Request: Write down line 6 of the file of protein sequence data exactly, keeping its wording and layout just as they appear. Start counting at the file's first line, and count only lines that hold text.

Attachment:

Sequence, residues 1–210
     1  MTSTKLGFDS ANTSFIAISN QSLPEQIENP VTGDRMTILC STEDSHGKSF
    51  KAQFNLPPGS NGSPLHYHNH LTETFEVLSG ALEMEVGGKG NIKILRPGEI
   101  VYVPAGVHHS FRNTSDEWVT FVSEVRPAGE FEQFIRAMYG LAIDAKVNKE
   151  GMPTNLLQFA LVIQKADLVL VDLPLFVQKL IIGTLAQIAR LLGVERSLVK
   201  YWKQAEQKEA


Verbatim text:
   201  YWKQAEQKEA